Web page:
"The Prime Consort has requested my presence." They stood still like statues, and I knew what this was. They stubbornly insisted on refusing to let me in unless I showed definitive proof. Whether they really didn't recognize me even after the multiple times I had come here, or they still held a grudge against us 'mortals', I don't know. I held up a hand and let twilight flame cover it, slimy and chilling on my skin, for a brief second, casting flickering shadows around me. They gave me a simultaneous nod, and unlocked their spears to allow me through. "Thank you," I said, walking under them.

Grim Batol was exactly as I remembered it. Light came from a pool of magma far below, which the central spire reached down to touch. The rampart around the spire was patrolled by the occasional group of dragonspawn, and a few late-night drakes flew through the empty spaces. Remembering the time, I yawned, before beginning the process of finding my way down to where Selriona was. I'd been in Grim Batol several times before, but I still got the same feeling of being out-of-place, of wrongness. A fair portion of the Twilight Flight, from what I'd seen, still harbored lingering ill will towards mortals from their time thinking we were evil. Granted, most would not be able to move past such ingrained thoughts quickly. But there wasn't exactly much I could do about it beyond, well, not being evil around them. Something I had very little trouble with.

The stairs down were in fairly good shape, considering all they'd been through. Still, they didn't make me feel any comfort. Cracks riddled the dwarf-sized staircase, and each step I took downward in the twilight flame-illuminated halls seemed like it could have been my last. It was a very long drop to the lava below. My levitation would not save me.

The staircase I took led me only about halfway down to where I needed to be, and after that it took several more minutes of wandering the seemingly endless corridors of Grim Batol to get anywhere, let alone my destination. I passed a room with a few sleeping dragonspawn in it, and at one point there was a drake asleep on the hallway, wings tucked onto his back and tail curled out from under them. His snoring was deafening. Thankfully, he wasn't in my path. I didn't want to imagine what would have happened if I had had to go over him, and accidentally stepped on his tail or wing membranes.

The path to Selriona's chamber was several dozen meters from the pool of molten rock that made of Grim Batol's ultimate 'floor', however it was still far, far closer to the magma than I would have liked. Sweltering heat radiated up from it, making me sweat and wipe my hand, the warm orange light that had replaced the twilight torches echoing along the walls and lulling me closer to sleep. The night was relatively young, but I yawned in spite of it, and fought off sleep. Selriona would never let me live it down if I collapsed out here. Of course, all the eggs were kept close to magma sources for heat. I had no idea how it worked, but apparently whelps in their eggs and for a while after hatching were warm-blooded, and 'switched' over to being cold-blooded after a few weeks. It vaguely reminded me of something my old school teacher had taught my class about salmon, how they switch from being salt-water fish to fresh-water and back.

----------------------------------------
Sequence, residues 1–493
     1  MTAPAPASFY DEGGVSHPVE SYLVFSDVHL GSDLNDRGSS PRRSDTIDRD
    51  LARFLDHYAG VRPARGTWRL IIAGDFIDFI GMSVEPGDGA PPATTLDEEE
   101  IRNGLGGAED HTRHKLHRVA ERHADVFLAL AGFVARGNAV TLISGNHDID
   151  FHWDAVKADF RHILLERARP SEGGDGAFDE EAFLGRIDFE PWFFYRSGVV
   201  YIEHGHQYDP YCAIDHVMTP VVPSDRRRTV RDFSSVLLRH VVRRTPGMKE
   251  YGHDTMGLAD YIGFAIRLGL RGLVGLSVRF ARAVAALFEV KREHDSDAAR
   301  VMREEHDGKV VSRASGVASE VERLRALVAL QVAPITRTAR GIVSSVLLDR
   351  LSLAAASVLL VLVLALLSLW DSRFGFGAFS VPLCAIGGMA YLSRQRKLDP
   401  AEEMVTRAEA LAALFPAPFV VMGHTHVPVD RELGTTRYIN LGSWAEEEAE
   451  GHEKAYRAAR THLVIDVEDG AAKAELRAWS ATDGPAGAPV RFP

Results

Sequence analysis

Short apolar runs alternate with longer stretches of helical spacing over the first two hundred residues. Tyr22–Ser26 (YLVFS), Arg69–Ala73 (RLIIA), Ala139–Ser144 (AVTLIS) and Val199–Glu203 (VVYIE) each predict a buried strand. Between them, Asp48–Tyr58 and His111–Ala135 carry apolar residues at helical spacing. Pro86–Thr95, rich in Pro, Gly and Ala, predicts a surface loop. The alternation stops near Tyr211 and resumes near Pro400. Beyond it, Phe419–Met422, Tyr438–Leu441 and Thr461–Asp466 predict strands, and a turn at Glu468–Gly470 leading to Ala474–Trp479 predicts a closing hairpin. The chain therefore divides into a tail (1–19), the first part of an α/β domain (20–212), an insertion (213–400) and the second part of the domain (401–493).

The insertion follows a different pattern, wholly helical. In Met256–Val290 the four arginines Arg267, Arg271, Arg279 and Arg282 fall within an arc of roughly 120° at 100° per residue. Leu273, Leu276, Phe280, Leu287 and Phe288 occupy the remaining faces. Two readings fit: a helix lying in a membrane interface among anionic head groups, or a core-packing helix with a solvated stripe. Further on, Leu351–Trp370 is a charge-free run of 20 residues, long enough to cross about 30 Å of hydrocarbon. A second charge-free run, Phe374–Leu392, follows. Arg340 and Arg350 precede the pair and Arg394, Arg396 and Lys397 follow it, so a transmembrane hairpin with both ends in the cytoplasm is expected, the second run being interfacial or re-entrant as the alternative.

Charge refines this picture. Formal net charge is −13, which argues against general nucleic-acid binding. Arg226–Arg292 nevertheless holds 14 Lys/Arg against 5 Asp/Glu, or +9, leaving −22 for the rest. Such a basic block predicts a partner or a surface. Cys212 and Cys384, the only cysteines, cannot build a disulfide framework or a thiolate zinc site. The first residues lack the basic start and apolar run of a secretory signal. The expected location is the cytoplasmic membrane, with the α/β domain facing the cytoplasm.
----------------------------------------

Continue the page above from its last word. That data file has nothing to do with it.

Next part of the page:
But even if the whelplings in their eggs were warm-blooded, they still needed an external source of heat, which their cold-blooded parents were hard-pressed to provide. So eggs were kept near the magma pit, as were the whelplings once they hatched. I'd never actually been here before, but I'd heard the directions before. Selriona didn't spend all her time here; sometimes she went to go hunt for them, or take part in various activities that involved solidifying her Flight's position.

Turning around a few more bends, I came to a chamber that I knew from my telepathic conversations was where Selriona's brood resided, and her for a large part of time. A tall and proud doorway, the door having long ago vanished, rose before me, with two twilight flame torches on either side. The orange light from the magma pool didn't project here very well, but the heat did, and drowsiness seemed to ebb and flow from my pores.

Inside, the chamber expanded to a gargantuan size, the roof arcing far above my head, the walls stretching back. Just this chamber alone was the size of the Cathedral of Light, minus the spire. Leave it to the dwarves. What would they possibly have done with all this space?